Johns probably has more frogs on deck than anyone else in the field. One side of his deck is dedicated to swim jigs, vibrating jigs and other baits. The other is completely covered up with frogs, with everything from common popping frogs to outdated, Japanese frogs Johns can’t get anymore. For Johns, a frog is a perfect bait – the big hooks make landing properly hooked fish a breeze, and he’s developed enough ways to fish them that he reaches for a frog when someone else would reach for a buzzbait or a plopping topwater.
Eventually, having missed a couple fish and worked his way into a bigger backwater, Johns sits down to tie on some new frogs. Adding a mat frog and a few fresh colors into the mix, he’s now double ready for the Mississippi. The reset quickly proves worth it as Johns boats his first keeper of the day out of a mat of duckweed.
“I think that’s how it’s going to be,” Johns says happily. “If I hit enough spots, I won’t have to talk fish into biting.”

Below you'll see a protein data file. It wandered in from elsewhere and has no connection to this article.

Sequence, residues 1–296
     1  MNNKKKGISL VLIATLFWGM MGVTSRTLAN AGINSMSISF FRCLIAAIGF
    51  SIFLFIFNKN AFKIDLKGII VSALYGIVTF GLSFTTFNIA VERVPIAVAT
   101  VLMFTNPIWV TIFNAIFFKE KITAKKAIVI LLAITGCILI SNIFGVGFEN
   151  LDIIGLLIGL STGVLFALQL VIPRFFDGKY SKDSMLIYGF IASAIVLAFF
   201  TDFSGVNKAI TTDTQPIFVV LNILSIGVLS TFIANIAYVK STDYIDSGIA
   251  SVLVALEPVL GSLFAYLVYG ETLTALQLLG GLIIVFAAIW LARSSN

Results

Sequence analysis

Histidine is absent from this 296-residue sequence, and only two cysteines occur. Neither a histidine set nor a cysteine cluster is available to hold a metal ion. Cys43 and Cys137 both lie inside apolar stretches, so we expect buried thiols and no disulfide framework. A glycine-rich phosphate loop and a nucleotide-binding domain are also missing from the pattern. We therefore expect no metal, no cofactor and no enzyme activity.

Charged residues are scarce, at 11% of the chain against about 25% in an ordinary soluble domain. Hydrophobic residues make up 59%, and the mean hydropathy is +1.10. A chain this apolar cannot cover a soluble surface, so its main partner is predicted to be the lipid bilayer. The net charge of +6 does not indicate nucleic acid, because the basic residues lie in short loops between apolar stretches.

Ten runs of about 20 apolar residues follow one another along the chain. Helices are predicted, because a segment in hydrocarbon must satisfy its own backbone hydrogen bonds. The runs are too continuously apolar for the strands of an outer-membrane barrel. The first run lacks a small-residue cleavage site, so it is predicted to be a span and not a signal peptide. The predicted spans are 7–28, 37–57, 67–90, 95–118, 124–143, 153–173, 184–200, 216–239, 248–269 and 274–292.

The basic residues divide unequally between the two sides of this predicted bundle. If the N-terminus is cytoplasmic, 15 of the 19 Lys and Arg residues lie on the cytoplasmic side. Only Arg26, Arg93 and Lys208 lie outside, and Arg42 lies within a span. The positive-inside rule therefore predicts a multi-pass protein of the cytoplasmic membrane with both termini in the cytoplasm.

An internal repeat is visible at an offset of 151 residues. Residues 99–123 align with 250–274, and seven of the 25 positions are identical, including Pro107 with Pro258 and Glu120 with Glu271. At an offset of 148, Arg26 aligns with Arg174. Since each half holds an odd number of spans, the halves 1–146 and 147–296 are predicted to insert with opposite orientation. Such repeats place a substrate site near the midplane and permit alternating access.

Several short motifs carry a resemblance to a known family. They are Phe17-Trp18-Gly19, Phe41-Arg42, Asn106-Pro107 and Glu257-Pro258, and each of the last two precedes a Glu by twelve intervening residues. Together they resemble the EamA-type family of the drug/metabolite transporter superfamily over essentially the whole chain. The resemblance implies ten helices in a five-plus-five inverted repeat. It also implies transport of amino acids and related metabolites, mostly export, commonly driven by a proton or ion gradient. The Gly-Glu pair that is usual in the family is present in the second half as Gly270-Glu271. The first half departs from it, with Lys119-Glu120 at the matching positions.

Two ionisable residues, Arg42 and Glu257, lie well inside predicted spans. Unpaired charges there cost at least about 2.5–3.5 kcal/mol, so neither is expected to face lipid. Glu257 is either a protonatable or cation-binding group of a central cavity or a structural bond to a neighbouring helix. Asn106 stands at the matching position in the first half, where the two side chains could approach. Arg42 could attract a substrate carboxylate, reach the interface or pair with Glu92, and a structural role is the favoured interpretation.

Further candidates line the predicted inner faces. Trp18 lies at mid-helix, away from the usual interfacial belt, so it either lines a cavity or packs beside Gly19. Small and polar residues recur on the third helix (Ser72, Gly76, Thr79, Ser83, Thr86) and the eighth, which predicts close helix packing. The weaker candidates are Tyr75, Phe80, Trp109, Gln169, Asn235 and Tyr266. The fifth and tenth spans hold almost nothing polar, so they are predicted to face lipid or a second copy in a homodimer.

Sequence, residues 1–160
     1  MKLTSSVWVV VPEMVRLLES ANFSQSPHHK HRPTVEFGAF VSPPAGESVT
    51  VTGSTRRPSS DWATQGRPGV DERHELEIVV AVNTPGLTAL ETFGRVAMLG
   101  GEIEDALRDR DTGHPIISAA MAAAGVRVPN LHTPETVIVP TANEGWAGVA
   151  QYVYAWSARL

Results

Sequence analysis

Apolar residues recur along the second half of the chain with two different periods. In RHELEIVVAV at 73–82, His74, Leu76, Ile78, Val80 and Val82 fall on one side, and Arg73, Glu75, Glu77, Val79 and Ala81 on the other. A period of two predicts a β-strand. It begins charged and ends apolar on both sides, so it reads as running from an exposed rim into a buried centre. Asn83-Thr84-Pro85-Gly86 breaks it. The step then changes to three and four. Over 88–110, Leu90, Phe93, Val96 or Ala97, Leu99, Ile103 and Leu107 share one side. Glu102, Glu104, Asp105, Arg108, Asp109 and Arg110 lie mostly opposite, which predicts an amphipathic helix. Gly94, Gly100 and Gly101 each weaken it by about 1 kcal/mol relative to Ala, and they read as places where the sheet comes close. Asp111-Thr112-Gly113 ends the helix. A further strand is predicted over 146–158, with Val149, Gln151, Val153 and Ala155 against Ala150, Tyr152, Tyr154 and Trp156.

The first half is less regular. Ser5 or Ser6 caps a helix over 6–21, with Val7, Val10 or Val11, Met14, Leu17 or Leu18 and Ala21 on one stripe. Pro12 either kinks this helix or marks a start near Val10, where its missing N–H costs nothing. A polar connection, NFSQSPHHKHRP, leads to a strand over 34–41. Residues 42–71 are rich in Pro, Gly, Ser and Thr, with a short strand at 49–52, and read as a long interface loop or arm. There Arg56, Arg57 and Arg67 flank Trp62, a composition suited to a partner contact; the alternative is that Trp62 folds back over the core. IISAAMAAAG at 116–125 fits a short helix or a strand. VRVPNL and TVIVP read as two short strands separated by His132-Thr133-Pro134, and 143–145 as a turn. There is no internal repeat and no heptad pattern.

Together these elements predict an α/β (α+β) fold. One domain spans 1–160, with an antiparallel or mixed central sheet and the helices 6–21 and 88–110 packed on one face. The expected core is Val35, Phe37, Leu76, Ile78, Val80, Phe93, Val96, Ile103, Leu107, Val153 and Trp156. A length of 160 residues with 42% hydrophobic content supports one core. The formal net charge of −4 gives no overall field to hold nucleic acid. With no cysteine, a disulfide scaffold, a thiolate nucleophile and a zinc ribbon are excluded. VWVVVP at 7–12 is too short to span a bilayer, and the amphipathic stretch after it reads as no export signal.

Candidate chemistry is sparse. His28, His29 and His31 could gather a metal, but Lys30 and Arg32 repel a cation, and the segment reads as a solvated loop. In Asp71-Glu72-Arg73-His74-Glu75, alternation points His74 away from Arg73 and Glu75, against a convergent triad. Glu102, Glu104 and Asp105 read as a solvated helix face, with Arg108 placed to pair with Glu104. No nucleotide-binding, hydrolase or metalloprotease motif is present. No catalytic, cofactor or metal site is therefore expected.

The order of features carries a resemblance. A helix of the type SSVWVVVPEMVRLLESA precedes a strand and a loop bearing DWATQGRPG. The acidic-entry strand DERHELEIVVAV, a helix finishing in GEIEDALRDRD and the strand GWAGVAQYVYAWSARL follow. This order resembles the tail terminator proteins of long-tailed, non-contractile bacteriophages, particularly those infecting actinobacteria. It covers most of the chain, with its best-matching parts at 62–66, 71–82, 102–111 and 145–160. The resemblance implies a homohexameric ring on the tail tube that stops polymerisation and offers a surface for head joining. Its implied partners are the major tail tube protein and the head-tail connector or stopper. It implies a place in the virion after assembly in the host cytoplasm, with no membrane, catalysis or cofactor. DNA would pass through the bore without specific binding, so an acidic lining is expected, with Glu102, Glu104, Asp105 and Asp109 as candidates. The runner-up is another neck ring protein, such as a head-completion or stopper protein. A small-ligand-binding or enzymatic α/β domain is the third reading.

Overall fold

“I helped run some of the largest southeast children’s consignment sales,” says Johns, who first started in life selling cars. “We’d have events that are 30,000 or 40,000 square feet, and running 15 cash registers at a time. The last 20 years of my life I’ve fished a lot, but now, all I’m going to do is fish.”
Johns isn’t afraid to share an opinion or two. A tournament veteran, he has won money throughout the Southeast. Having learned to fish offshore in his youth, he’s spent most of his life fascinated by the shallow bite. As such, he doesn’t care much for the recent forward-facing sonar boom.
“I won’t put it on my boat, because it’ll change the way I fish,” Johns says. “I don’t want to ever be looking down and not reading the water. There are tournaments where it’s unbeatable, but I can find a shallow hungry bass and do well a lot of the time, even if I might not win. I’m not saying it’s a bad thing, I’m not saying it’s not a great tool to catch a bass, but I don’t think it’s good for the sport, I don’t think it’s bringing people into our industry and into our viewership.”
Moving up the river a bit more, Johns is starting to figure out the bite isn’t what he wanted it to be.
“That’s the juice right there, that ought to get train wrecked,” he says of a pocket just beyond a point with mild current. “That’s what I thought it’d catch them on. It seems like you’ve got to be out of the current. Right now, I think you want to be out of the current with bream popping.”